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The role of patent claims

In [24] Lening and Cavicchi say about claims:
A claim is what an inventor is stating to be unique about the invention. The claims become the actual monopoly granted to the invention. Claims define the scope of protection granted to the invention.
A claim can be independent (it stands by itself and is not dependent on another claim) or dependent (it makes express reference to a previous claim and depends on it). In the IsNot patent application, claim 1 is an independent claim while claim 2 is a dependent claim. A patent may also contain descriptions of preferred embodiments but they just serve as illustration and may at most be used to interpret the claims. A patent may contain both independent and dependent claims and the question arises what an infringement of a patent means exactly.8The precise procedure for interpreting the claims in a patent seems to be an ``art'' and is a matter of debate among lawyers [4]. This is unsatisfactory from a software engineering perspective. The patent is "infringed" (violated) if any one or more of the claims (independent or dependent) are infringed.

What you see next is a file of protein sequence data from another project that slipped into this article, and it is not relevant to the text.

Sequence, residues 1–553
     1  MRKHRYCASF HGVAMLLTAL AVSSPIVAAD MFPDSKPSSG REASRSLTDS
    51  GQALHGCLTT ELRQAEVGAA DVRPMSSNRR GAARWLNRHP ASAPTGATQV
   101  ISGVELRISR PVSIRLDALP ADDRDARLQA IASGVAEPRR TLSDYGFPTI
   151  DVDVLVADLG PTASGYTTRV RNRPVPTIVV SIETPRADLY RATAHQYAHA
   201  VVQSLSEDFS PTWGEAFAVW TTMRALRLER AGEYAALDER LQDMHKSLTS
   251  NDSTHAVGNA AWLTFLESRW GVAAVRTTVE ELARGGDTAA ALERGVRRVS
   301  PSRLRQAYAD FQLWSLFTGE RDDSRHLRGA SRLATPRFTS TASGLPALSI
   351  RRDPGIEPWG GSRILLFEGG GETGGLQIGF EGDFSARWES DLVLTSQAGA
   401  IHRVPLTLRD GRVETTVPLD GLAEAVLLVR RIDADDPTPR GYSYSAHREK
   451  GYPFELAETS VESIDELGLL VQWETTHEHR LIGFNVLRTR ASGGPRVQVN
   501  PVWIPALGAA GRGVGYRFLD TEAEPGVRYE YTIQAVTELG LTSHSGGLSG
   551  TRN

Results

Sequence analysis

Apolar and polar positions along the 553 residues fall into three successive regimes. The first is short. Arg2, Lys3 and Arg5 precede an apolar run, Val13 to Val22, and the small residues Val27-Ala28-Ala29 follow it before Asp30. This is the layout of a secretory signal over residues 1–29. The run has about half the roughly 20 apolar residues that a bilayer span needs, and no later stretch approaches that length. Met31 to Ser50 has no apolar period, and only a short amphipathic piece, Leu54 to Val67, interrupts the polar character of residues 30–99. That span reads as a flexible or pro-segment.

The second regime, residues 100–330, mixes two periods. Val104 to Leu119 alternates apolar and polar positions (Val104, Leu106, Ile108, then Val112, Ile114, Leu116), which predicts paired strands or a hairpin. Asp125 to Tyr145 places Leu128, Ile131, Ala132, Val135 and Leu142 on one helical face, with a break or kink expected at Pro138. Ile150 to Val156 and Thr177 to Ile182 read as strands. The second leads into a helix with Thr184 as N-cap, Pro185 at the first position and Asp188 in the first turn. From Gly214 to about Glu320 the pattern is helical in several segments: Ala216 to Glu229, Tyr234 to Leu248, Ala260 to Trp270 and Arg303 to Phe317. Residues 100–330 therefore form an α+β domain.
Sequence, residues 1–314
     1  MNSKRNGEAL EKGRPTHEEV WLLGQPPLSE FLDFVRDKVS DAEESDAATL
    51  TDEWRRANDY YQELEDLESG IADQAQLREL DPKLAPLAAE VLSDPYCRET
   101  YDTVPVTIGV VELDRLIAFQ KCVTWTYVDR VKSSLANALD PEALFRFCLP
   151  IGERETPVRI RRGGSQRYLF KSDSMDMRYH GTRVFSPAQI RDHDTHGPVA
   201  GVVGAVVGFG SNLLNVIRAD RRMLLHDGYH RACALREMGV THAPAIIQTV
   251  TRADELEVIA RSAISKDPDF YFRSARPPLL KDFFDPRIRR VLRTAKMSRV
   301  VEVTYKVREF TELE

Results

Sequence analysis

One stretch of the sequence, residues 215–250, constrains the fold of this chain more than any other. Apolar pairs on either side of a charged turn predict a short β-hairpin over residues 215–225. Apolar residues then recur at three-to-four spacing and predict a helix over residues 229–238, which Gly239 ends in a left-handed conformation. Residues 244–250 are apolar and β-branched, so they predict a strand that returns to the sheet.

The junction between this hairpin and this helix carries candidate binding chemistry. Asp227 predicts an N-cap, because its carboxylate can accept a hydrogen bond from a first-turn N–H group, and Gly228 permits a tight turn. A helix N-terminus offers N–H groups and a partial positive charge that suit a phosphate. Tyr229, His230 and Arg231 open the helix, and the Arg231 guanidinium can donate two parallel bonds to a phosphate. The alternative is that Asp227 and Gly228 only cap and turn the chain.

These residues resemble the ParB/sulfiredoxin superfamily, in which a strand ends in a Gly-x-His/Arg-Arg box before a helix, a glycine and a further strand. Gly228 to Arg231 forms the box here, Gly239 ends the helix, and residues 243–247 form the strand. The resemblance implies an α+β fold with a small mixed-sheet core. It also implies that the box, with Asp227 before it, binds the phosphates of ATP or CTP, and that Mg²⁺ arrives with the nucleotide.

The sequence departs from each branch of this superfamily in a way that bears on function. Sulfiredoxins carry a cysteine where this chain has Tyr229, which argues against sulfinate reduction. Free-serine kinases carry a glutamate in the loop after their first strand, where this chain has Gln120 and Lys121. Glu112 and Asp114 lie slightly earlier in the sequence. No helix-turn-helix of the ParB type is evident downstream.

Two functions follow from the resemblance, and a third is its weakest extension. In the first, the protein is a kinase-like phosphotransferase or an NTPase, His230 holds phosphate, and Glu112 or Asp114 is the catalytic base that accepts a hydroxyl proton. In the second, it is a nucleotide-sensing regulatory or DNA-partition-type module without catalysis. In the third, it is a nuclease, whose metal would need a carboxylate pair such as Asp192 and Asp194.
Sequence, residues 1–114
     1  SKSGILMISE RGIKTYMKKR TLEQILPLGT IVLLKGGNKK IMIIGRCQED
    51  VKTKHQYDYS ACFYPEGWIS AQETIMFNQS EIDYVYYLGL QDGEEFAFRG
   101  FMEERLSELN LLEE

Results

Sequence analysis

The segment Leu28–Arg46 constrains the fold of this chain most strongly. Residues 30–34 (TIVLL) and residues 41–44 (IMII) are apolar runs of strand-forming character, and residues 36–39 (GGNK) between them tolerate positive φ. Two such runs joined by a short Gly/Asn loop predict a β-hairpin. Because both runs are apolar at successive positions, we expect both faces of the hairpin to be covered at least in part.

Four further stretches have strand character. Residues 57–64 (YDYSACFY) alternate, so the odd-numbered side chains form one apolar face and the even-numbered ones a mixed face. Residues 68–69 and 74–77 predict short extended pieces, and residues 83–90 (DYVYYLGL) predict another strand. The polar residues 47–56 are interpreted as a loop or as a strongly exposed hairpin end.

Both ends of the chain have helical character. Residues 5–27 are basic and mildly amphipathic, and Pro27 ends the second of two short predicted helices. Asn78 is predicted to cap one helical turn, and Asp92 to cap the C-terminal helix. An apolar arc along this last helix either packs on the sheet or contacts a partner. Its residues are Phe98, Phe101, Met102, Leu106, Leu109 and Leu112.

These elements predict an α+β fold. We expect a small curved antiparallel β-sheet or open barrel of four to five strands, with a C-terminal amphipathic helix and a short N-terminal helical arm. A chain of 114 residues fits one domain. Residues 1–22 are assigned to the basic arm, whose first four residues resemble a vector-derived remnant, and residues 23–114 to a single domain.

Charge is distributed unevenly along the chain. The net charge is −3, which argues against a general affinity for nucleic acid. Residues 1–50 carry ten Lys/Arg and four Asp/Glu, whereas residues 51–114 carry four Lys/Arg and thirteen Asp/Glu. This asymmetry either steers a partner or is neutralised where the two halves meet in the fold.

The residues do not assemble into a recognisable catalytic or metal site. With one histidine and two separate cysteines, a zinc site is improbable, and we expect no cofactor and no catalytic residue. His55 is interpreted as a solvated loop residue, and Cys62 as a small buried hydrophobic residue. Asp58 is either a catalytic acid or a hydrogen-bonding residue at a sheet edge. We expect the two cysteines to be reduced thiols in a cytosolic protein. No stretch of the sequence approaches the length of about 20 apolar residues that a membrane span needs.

The status of claims needs also further clarification in the light of the ``expression versus idea'' discussion given earlier in Section 8.1. The question being: what is an infringement? From the perspective of the software engineering life cycle (Section 3) the following questions need clarification:

To be on the safe side, we have assumed in our patent-based software life cycle that the answer to all these questions is ``yes''. However, the nature of such infringements will be completely different, both in their description, appearance, and discovery.

During requirements engineering and design, only the intended behavior of the system is available. It is for instance, impossible to observe a running version of the software. Infringements can only be discovered by a deep semantic comparison between patent text and design documents.

During implementation, the desired behavior is coded as software program. Now it becomes possible to observe the behavior of the software by executing it on a computer. It also becomes possible to perform more syntactic comparisons between patent text and program text.

Software is both human-readable and computer executable, and this makes it unique among patentable artefacts.

next up previous
Next: Software patent versus computer Up: Discussion Previous: Expression versus idea
Paul Klint 2006-05-22